Doctors at the Bristol Heart Institute (BHI) are the first in the South West to offer patients with high blood pressure the opportunity to control their condition with a new type of treatment.The research study is being undertaken at the Bristol Heart Institute and hopes to add to the body of research around a treatment called renal denervation. The team comprises doctors and researchers from the Bristol Heart Institute, Angus Nightingale and Andreas Baumbach; the University of Bristol, ProfessorJulian Paton and the Richard Bright Renal Unit, Professor Steven Harper.
High blood pressure (hypertension) is a condition where the force that blood is exerting on the walls of the arteries of the body is higher than desirable. When left untreated this can significantly increase the patient’s risk of stroke, heart failure and chronic kidney disease.
High blood pressure afflicts one billion people worldwide and its prevalence increases with age, obesity and sedentary lifestyles. Around 10- 20 per cent of patients with the condition are unable to reach their target blood pressure even though they have been prescribed drug treatments. For these patients renal denervation may help.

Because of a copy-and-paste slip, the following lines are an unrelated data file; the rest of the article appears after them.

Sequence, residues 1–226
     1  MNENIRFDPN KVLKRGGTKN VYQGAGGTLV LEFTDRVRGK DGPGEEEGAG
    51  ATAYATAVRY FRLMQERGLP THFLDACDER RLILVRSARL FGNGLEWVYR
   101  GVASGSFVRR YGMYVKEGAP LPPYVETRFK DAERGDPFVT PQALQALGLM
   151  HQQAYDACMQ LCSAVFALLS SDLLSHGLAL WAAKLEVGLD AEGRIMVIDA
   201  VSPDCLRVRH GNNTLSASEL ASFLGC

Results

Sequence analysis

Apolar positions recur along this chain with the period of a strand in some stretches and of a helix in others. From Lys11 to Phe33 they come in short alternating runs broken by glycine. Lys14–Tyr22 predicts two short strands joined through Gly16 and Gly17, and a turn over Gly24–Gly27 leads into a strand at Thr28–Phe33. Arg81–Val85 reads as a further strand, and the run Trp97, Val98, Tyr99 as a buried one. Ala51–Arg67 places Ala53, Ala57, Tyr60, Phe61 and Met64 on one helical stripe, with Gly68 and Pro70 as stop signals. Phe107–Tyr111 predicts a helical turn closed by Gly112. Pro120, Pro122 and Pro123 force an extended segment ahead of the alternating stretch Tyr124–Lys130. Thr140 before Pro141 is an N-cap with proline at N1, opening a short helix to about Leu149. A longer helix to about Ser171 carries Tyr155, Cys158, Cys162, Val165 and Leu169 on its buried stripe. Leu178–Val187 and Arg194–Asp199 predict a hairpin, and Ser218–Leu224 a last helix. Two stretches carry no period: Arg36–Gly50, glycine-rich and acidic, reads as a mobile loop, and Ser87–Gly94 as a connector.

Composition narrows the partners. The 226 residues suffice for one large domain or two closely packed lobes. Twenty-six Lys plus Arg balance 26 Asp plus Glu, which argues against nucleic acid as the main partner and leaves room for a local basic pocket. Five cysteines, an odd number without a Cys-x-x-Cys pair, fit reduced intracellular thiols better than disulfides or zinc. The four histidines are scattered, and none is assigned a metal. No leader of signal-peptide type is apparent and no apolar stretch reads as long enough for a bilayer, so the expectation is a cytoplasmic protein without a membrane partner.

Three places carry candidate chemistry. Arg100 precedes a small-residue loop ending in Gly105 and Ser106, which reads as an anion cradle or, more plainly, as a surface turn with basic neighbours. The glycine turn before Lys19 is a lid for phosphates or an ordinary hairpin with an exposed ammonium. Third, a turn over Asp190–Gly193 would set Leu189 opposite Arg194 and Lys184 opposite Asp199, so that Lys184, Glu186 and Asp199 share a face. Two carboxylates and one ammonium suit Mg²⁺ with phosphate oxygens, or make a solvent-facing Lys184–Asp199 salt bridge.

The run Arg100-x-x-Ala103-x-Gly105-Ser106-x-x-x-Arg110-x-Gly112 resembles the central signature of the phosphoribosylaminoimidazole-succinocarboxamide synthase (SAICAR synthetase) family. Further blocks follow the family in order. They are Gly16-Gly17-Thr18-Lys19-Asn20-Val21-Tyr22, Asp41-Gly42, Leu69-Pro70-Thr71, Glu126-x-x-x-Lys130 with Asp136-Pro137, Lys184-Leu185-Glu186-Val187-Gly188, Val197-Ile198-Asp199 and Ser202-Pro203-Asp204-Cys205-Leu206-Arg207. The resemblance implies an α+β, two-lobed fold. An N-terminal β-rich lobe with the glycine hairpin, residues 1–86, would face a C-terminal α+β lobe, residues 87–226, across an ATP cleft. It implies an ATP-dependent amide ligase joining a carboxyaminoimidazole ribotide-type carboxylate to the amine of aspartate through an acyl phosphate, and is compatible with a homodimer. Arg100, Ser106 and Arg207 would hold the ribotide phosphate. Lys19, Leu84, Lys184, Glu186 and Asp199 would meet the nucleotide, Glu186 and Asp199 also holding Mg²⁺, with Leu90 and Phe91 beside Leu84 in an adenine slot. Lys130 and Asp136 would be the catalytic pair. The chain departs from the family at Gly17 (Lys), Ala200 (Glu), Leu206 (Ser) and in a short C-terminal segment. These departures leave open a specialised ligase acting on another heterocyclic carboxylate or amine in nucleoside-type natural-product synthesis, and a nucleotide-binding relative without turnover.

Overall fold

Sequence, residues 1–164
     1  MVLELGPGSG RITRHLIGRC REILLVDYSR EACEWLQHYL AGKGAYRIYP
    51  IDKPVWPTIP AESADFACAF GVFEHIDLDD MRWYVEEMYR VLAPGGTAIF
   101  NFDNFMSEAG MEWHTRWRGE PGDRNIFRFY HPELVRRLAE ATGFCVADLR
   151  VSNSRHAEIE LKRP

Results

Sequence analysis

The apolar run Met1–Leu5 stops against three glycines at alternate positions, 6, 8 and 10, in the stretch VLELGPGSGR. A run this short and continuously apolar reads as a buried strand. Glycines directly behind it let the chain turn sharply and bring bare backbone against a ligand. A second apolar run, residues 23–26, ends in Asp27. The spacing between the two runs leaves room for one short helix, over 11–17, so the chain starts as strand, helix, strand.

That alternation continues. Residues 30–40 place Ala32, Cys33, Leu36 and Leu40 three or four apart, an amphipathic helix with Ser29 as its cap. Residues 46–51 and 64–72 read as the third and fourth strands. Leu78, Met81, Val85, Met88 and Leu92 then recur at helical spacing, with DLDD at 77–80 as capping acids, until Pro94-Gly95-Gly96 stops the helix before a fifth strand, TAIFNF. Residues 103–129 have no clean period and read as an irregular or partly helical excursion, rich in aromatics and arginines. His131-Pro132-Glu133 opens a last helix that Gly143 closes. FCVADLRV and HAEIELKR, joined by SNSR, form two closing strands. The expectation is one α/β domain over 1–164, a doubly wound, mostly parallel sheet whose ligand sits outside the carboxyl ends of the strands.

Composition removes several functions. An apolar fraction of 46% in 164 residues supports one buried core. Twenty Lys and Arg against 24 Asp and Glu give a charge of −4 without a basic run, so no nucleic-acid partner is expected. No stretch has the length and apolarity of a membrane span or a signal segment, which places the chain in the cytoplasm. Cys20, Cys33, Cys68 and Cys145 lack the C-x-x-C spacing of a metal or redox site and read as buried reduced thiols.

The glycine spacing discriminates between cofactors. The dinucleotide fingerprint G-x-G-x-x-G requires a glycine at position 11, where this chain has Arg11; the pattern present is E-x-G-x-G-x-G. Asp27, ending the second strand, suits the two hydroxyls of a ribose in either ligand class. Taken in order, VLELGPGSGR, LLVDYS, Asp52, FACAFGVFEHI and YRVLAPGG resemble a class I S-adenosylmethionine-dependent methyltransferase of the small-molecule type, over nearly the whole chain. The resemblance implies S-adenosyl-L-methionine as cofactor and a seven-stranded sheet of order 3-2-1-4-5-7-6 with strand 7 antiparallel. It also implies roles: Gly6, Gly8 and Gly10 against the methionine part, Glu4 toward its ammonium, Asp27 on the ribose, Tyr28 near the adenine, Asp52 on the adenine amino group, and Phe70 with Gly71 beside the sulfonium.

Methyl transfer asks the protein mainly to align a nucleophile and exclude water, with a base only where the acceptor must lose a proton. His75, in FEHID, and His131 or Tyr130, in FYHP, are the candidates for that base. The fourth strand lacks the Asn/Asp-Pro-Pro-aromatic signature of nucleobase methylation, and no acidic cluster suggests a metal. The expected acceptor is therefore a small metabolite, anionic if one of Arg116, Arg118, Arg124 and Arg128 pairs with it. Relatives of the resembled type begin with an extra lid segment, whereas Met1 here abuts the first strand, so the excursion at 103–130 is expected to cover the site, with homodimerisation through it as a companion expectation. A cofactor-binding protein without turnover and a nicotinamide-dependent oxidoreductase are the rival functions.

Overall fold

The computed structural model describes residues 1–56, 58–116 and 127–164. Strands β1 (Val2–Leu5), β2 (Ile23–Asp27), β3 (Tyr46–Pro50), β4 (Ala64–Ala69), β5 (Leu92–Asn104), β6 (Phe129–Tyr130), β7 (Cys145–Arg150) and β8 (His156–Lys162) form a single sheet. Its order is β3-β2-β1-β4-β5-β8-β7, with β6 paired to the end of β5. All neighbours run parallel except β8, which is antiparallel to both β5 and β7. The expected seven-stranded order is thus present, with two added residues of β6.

The procedure involves severing the nerves that connect the kidneys to the brain and carry signals to control blood pressure. A wire is passed into the patient’s blood vessels feeding the kidney and the tip of the wire is heated to burn the nerves running along the outside of the vessel. The tiny burns are done in a spiral pattern around the blood vessels until the connections are severed.